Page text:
Only the Roman Catholic Church teaches purgatory as dogma. The Profession of Faith, read before the Second Council of Lyons (1274), distinguished between the souls who go immediately to hell after death, those who go immediately to heaven, and those who die in charity but are cleansed after death by “purgatorial and cleansing penalties” (poenis purgatoriis seu catharteriis ). The Council of Florence repeated this doctrine in 1439 and reaffirmed that sacrifices of the mass, as well as prayers and offerings of the faithful, can alleviate the penalties of those in purgatory. In the wake of the Protestant denial of the doctrine, the Council of Trent, in 1563, upheld the reality of purgatory but warned bishops to exclude from popular sermons “the more difficult and subtle questions” not useful for edification and to prohibit all that belongs to curiosity, superstition, or unseemly gain.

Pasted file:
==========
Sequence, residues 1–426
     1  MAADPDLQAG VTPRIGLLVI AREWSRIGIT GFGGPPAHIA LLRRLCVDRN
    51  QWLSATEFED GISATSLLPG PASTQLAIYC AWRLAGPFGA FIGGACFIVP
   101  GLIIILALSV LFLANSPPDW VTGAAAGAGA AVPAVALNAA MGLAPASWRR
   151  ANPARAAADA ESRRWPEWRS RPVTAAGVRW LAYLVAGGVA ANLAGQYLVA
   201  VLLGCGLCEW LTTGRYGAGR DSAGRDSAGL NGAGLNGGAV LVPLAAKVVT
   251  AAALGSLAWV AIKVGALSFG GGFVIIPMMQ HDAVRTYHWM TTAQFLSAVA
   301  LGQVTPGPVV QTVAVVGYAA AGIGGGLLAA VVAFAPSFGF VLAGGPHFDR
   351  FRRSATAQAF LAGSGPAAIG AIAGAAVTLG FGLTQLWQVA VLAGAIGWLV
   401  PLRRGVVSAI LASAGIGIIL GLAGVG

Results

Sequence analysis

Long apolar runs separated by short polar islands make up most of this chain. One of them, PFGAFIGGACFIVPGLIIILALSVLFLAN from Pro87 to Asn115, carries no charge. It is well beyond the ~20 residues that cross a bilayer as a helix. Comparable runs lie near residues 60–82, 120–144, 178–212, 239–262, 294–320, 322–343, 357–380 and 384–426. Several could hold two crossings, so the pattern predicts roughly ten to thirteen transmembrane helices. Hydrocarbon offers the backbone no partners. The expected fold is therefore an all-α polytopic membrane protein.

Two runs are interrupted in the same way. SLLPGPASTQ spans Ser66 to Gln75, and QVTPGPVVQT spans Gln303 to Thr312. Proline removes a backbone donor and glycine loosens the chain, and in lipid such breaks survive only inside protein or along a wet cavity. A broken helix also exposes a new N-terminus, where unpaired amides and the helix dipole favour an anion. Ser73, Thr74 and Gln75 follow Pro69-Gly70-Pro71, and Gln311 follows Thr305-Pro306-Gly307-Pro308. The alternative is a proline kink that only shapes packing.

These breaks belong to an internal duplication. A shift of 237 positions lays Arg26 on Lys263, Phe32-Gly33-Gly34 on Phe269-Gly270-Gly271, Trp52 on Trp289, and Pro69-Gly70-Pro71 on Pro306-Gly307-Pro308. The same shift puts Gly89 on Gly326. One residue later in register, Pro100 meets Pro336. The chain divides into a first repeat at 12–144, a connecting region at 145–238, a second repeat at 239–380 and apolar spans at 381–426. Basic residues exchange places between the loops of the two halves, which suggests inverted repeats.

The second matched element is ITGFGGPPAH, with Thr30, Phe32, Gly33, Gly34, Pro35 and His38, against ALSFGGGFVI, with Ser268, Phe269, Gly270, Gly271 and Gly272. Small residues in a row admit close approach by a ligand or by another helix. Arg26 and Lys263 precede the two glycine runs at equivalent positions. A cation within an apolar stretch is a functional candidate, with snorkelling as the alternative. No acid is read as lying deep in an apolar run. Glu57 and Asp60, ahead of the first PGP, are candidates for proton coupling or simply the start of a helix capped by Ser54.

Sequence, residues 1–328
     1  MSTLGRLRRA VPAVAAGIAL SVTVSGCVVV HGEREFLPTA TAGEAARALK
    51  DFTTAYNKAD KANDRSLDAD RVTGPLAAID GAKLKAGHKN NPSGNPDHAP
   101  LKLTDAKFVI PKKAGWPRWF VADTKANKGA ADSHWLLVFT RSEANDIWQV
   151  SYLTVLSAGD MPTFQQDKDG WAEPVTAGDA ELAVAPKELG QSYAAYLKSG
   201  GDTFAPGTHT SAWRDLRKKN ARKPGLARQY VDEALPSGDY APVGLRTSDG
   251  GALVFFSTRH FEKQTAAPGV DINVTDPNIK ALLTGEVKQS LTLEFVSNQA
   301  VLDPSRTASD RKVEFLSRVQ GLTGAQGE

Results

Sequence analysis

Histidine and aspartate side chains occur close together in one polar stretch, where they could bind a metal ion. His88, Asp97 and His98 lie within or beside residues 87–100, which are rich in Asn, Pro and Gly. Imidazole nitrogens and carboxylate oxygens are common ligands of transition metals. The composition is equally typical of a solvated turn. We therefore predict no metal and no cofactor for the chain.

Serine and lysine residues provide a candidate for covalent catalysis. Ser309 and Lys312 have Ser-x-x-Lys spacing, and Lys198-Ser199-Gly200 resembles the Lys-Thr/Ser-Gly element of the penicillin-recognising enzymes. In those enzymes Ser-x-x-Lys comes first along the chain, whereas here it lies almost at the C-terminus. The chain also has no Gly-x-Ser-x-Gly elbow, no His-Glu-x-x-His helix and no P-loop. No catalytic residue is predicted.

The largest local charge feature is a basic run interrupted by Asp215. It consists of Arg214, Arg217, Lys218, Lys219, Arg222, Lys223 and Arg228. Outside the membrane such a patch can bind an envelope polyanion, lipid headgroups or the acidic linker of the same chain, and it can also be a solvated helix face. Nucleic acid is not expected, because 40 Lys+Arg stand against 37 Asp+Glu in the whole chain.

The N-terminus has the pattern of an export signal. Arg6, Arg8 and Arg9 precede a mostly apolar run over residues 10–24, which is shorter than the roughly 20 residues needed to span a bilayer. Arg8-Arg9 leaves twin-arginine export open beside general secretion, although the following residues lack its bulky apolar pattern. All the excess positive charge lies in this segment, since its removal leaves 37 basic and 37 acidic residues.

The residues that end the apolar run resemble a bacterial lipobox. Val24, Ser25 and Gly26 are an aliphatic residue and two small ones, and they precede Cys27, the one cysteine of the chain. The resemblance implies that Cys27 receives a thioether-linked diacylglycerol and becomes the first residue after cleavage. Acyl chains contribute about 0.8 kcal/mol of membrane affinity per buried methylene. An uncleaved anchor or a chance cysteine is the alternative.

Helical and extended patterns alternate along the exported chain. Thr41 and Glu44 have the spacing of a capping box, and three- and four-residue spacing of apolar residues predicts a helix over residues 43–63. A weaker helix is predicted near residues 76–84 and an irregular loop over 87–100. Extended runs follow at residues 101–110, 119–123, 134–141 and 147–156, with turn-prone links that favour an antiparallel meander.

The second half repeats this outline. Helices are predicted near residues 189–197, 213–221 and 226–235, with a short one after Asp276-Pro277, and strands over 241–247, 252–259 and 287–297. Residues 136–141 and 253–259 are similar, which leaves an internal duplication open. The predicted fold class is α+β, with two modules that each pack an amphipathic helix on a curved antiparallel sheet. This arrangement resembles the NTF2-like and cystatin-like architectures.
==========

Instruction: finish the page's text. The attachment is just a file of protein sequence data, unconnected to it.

The Catholic Church has never defined purgatory as a specific place. The exact nature and duration of the purgatorial punishments is open to speculation, and some, such as Catherine of Genoa (1447–1510), describe the fire of purgatory as the fire of God’s love. Traditional Catholic theology specifies two forms of suffering in purgatory: the pain of loss (poena damni ), because of the temporary deprivation of heaven; and the pain of sense (poena sensus ), experienced by souls in a manner analogous to sensible pain. Whatever suffering the souls in purgatory experience is mitigated by their assurance of heaven once their purification is complete. The common Catholic teaching is that, after the general judgment, there will be only heaven and hell, and purgatory will cease.
The Protestant Reformers of the sixteenth century rejected purgatory as an unscriptural doctrine that obscures the atonement of Christ as the only satisfaction for sin. Moreover, they linked purgatory to “false practices” such as indulgences, private masses, and prayers for the dead.